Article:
by Lynn Meredith
Kaneland—Enter the Reading Cafe at Blackberry Creek Elementary School on the second floor overlooking the library, and you won’t see a typical classroom, or library for that matter. You’ll see a place where kids can kick back and get excited about reading.
Lime green shag rugs cover the floor, flanked by bright yellow cabinets and turquoise and lime green curtains. Paper lanterns hang from the ceiling, and artwork adorns the walls, along with posters of the Jonas Brothers and Tony Hawk. Bean bag chairs, a futon, pillows, stuffed animals, and, yes, books, contribute to the dorm-like atmosphere. And then there’s the bright orange leather couch.
“That orange couch was the piece de resistance,” Literacy Specialist Linda Zulkowski said.
Zulkowski, along with fellow teacher Terri Konen, brought the idea to the school after attending an inspiring professional development workshop.
The purpose of the reading cafe is to motivate kids to read inside and outside of school. By having an energizing and fun place to come for reading activities, kids associate reading with fun.
“The ultimate goal is to promote reading outside of school, to choose to do it out. We hope they will be engaging more here in school and getting hooked on books,” Zulkowski said.
The cafe opened in October. Each teacher has a designated time if they choose to use the room. They can also sign up for open times. They use the room to read aloud to the students, to give students independent reading time, or even to reward the kids.
“They love this room. It’s being used often by teachers as a reward. The reward is getting to read,” Zulkowski said. “ It’s so different. You don’t expect to see something like this in a school.”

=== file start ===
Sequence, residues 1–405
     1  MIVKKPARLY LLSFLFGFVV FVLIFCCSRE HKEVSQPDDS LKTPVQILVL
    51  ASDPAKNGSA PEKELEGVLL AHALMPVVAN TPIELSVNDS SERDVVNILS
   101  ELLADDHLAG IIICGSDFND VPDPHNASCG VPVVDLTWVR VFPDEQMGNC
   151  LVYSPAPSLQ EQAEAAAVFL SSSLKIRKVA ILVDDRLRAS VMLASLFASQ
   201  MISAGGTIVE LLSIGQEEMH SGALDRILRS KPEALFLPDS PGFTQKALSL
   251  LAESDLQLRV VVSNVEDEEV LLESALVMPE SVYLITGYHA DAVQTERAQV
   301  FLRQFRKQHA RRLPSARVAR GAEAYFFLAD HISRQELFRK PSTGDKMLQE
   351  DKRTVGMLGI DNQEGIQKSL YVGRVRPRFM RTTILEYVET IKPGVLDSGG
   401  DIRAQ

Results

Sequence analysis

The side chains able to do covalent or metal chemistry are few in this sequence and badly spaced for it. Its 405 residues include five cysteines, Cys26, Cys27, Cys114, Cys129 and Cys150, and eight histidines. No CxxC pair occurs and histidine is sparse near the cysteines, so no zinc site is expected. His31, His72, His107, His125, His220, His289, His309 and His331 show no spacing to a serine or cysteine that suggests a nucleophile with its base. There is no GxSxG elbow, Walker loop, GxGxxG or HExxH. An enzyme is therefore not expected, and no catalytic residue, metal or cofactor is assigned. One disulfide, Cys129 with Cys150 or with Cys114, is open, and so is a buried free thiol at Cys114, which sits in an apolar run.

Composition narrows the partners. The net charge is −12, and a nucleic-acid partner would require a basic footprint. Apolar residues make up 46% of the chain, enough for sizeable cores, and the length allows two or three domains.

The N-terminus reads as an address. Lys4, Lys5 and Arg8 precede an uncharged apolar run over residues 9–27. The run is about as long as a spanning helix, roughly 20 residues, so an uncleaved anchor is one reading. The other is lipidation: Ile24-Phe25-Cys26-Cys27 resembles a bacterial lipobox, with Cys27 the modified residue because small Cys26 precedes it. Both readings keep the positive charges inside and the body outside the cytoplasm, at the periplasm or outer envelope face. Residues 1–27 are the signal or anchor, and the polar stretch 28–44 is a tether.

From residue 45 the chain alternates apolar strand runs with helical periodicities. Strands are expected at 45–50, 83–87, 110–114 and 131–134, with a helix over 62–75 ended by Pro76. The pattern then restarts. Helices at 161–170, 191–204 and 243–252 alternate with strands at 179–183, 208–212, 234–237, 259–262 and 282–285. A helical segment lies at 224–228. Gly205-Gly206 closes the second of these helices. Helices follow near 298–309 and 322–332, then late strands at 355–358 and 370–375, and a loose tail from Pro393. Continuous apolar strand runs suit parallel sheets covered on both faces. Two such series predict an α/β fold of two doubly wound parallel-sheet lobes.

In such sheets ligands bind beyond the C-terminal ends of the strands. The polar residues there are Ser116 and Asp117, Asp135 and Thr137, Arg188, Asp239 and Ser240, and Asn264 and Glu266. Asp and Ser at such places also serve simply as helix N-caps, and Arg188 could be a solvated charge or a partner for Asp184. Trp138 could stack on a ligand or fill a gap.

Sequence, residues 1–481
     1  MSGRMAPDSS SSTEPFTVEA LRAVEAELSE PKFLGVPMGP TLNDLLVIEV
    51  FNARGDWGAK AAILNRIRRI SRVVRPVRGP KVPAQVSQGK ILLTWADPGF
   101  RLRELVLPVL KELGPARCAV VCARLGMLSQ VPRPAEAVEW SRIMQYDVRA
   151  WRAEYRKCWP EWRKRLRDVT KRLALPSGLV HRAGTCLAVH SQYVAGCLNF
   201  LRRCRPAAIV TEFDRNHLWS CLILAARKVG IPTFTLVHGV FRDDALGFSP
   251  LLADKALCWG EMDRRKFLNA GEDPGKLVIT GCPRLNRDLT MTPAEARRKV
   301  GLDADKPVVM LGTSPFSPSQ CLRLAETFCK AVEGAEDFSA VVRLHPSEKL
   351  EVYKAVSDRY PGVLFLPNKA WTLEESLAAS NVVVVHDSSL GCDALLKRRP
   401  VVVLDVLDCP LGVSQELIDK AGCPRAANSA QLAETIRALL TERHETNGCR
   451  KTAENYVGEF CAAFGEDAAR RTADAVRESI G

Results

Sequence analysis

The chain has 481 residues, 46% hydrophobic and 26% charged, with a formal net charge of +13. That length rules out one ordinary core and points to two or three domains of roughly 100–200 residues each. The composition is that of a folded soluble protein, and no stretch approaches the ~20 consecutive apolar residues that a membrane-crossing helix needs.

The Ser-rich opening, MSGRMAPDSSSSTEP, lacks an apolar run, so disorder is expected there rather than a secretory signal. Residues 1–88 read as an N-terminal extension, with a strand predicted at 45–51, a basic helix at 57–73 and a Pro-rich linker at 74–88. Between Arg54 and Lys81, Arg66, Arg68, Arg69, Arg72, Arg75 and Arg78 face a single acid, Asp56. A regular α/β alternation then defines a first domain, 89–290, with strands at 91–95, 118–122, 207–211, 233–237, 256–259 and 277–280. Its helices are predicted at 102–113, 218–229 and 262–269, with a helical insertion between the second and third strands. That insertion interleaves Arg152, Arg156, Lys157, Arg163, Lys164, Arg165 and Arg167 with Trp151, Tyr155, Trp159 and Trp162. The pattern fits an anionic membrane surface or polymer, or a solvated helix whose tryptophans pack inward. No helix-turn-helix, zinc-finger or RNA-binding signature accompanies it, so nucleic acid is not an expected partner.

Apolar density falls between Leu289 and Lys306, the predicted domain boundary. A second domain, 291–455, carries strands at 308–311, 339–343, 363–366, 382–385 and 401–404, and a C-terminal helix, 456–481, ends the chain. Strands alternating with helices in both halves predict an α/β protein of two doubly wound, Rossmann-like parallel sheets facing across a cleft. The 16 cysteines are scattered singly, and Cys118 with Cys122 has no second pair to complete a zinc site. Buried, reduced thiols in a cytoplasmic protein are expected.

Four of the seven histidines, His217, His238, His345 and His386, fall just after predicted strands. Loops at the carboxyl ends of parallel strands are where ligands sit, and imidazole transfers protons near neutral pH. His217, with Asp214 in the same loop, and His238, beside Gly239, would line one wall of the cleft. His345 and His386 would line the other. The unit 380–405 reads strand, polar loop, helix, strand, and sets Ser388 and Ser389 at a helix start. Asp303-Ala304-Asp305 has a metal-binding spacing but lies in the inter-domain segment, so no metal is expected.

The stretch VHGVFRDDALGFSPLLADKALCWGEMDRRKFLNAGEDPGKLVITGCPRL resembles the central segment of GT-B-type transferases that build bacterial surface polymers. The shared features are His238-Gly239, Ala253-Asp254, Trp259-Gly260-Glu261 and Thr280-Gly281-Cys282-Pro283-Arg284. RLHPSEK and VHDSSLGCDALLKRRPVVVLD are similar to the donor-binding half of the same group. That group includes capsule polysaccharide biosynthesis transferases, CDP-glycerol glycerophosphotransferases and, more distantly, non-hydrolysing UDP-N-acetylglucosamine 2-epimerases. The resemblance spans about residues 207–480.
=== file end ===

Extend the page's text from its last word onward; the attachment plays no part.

After attending a workshop presentation by Steven Layne, a professor at Judson Univeristy who has written a book on motivating students to read, Konen and Zulkowski first thought of it as a professional development goal. It soon became a whole building and school improvement goal. They went to the PTO to see if it could help, perhaps by donating a couch or small items. Instead, the PTO gave them $2,000 to fund the entire room.
After a shopping trip to IKEA for the bright furnishings and cool outfitting, the plan was to keep the room a secret from the kids and give hints that something was coming.
“We had a huge kick-off,” said PTO President Kathy Webster. “We blacked out the windows of the room and had a countdown from 20 to zero of what is in the mystery room. We really pumped it.”
The unveiling was a ribbon-cutting, whole-school assembly. Music teacher Brandon Fox even wrote a song about it. Webster then had the idea to involve the community by having a month of community leaders come in to read to the students and talk about how they use reading on their jobs.
The month of February began with a Ronald McDonald assembly. Elburn Mayor Dave Anderson, Ben Conley of Conley Funeral Home, Dr. Wayne Larsen, a veterinarian from Kaneville, Pat Hill, owner of Hill’s Country Store, Pastor Lou Quetel from Geneva, Dwayne Nelson from the Town and Country Library and Bryan Janito all participated.
“It was a big deal for us,” Zulkowski said. “We had fun shopping for it, we had fun watching the kids when they first saw it, and we have fun seeing the kids actually reading.”